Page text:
A long-term solution is being spearheaded by the Disaster Vulnerability Reduction Project (DVRP) and the Department of Forestry for five of the island’s major rivers, which have been severely damaged by a combination of storms from the early 90s.
Chief Forestry Officer, Alwin Dornelly revealed that the long-term solution is an initiative called The Assessment and Rehabilitation of Major Rivers.
“The assessment of the river is part of a wider initiative the forestry department would have developed several years ago with the initiation of the DVRP Project,” Dornelly says.
The five rivers are the Fond D’or, Troumasse, Marquis, Cul De Sac and Choc rivers which are integral to Saint Lucians.
“These watersheds have been critical to providing water for Saint Lucia’s continuation of fresh water that could be captured or has been captured by the water company, WASCO, for distribution,” The Chief Forestry Officer indicated.
According to the technical coordinator of Component 2 of the DVRP, Christopher Williams, Canadian engineering firm CBCL has been contracted to conduct the functions of assessment and rehabilitation.
“As the title suggests, there are two significant components. One is to assess the current status of the rivers with respect to the level of degradation of the riverbanks, the current conditions of the stream flow, the velocity of the stream flow, water quality vegetation within the riverbank, the land uses with the wider watershed, whether commercial. Residential, agricultural, land uses, the presence of critical infrastructure, such as roads and bridges,” he said.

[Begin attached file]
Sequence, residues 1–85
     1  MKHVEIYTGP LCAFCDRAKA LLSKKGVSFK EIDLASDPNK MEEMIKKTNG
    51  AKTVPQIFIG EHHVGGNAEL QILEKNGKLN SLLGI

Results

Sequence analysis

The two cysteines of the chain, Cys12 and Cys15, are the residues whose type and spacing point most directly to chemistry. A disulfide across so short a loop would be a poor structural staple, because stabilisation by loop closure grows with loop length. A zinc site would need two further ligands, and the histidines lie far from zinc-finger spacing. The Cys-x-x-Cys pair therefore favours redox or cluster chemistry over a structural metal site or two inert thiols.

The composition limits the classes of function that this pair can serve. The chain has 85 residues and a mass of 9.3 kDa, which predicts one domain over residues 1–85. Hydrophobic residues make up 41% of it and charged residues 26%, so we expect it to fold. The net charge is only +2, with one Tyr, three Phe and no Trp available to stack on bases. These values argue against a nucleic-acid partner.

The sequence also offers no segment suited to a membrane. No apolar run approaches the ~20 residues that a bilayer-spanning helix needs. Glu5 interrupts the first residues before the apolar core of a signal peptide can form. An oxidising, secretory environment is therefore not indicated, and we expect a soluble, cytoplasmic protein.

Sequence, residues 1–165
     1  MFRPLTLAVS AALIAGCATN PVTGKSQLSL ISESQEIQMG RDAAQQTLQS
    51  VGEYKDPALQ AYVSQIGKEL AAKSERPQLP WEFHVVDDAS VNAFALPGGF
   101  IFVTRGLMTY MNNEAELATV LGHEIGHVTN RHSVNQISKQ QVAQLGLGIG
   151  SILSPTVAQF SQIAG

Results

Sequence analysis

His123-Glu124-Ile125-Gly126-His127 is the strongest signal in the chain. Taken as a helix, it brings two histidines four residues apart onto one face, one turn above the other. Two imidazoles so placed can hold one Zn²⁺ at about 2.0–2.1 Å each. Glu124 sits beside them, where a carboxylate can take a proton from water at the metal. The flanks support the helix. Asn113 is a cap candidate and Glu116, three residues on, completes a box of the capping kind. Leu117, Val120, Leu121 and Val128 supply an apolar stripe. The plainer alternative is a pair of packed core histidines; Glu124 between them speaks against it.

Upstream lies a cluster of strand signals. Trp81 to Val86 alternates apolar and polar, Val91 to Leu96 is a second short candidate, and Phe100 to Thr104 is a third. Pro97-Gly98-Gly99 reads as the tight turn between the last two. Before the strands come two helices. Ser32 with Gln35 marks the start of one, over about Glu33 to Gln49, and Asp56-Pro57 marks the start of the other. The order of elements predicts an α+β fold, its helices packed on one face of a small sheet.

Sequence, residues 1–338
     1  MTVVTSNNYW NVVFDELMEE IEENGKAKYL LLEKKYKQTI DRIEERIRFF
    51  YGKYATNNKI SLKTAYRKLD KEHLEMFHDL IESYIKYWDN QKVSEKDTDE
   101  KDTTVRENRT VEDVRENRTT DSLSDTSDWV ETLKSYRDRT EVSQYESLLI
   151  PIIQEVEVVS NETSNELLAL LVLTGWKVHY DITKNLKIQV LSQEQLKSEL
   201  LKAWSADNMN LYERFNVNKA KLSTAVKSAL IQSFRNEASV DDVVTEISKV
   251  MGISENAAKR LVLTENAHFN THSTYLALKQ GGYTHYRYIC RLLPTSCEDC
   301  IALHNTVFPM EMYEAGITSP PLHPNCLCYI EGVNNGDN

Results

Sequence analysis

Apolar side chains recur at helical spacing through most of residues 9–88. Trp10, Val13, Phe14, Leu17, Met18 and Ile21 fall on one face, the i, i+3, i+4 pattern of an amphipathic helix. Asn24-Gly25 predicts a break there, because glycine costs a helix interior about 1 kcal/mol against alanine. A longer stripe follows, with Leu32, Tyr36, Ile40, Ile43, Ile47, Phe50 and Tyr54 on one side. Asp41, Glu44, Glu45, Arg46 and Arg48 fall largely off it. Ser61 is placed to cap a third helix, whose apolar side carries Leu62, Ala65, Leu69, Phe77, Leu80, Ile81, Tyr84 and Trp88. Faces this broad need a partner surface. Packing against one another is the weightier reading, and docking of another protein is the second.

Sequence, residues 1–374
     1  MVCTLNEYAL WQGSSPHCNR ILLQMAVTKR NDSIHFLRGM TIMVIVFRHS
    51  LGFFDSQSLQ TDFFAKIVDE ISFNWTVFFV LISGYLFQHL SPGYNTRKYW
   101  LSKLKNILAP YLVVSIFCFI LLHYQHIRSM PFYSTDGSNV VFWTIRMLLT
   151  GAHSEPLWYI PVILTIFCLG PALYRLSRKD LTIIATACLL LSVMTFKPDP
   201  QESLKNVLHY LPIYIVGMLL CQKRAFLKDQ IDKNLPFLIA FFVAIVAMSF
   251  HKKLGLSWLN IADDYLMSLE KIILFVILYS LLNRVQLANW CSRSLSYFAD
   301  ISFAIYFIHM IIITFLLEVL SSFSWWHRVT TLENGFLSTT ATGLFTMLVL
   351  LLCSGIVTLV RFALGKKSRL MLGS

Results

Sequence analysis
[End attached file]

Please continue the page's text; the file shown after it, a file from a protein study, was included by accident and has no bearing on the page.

Such data would be used to inform the design of nature-based restoration intervention measures. This will be the first time these measures are used in Saint Lucia. Senior Civil Engineer of CBCL, David Parsons explained that bioengineering is a form of these types of interventions aimed at restoring the physical integrity of the rivers.
“Bioengineering is essentially using plants, vegetation and natural type of sources materials to help stabilize the banks. Instead of using heavy concrete and rebar and typical engineering resources to provide retaining walls, these are more what we call soft methods to allow the river to grow in their natural means but is producing reinforcements that might take longer to occur in their natural habitat,” Parsons said.
Based on the assessment, CBCL has indicated a variety of recommendations.
“Basically, we have provided examples of detailed designs. A little bit closer to hard engineering, a hybrid geo-technical and a bioengineering design and then we have provided options right down that are easy to employ but a lot simpler and stuff from live stakes, live posts, waddle fences, little bit simpler methods,” Clarifies Parsons.
The process would reduce the need for desilting rivers every year, and ultimately reduce the risk of flooding in all vulnerable communities.